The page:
In November, 2001, FPBA tipped off the Florida Department of Management Services that out-of-use computers at CPC had been illegally used to access porn websites. This proved to be true. Under Florida's open records law, it was legal for FPBA to download the computers' hard drives. Ken Kopczynski, an FPBA political affairs assistant, claimed he was only looking "to find evidence of Hodges doing private consulting" by checking the computers. "That's when we hit the porno." Hodges retorted that inspection of the unlocked computers was but another attempt by FPBA to discredit him with a smear campaign whose true motive was to derail non-union jobs. The union's complaint further alleged that Hodges failed to hold companies accountable for not delivering the promised savings. In the current year, Florida's Legislature ordered the companies running all five private prisons to deliver at least the 7% savings they had promised or their contracts would be revoked.
FPBA also alleged that Hodges was using state employees and equipment for his private consultation work. Acting on FPBA's complaint, the Ethics Commission found probable cause for seven ethics violations, including those allegations. Additionally, he failed to disclose speaking fees paid him by the companies bidding for state contracts, and he edited and sold a state manual on private prisons to the city of Youngstown, Ohio, for $7,500 instead of just charging copying costs. He also allegedly attempted to mislead investigators.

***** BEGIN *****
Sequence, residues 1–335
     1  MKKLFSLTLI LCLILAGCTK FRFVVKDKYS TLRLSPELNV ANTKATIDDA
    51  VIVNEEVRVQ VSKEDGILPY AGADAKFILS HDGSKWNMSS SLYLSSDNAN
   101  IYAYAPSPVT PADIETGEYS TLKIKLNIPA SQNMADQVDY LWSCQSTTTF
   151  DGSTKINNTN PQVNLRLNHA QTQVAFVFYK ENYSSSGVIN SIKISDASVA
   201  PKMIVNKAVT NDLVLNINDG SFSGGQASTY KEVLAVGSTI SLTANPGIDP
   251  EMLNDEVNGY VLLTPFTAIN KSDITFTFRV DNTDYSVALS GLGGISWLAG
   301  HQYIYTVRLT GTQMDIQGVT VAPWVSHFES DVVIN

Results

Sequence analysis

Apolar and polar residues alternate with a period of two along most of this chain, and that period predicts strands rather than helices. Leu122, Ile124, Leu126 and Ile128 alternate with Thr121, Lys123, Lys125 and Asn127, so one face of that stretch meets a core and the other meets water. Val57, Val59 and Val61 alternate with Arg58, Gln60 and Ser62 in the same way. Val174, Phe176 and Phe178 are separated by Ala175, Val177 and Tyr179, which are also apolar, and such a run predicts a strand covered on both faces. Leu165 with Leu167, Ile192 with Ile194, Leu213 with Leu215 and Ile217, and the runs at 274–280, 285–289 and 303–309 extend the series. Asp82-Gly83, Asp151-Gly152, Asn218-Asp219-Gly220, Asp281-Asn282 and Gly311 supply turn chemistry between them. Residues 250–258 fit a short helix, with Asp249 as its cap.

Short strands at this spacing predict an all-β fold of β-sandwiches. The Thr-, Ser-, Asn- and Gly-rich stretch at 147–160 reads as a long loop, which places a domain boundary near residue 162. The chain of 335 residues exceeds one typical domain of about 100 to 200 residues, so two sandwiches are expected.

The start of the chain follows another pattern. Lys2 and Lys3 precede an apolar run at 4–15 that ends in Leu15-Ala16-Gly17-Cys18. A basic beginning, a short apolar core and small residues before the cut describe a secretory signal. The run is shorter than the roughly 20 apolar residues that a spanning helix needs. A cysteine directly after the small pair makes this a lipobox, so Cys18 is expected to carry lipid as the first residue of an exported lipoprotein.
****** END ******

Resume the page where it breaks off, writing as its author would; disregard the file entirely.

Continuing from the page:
Saying "it was time to move on," Hodges resigned and took a position with Homeland Security, Inc., a Nashville, Tennessee, firm run by Doctor Grants, a founder of private prison conglomerate Corrections Corp. of America. With his resignation, Carol Atkinson was appointed Board of Directors for CPC appointed by Florida Governor Jeb Bush to oversee the Commission. State auditors have questioned several awards to private contractors where Kopczynski alleged that they had cost the state millions of dollars instead of saving millions. In a November, 2002, attempt to save money through privatization, Florida's Department of Juvenile Justice had to get an emergency appropriation of $730,000 to keep 45 state maintenance employees on the job. The bids for outsourcing it came in between $2.3 and $10.2 million.
Sources: Tampa Tribune, Tallahassee Democrat
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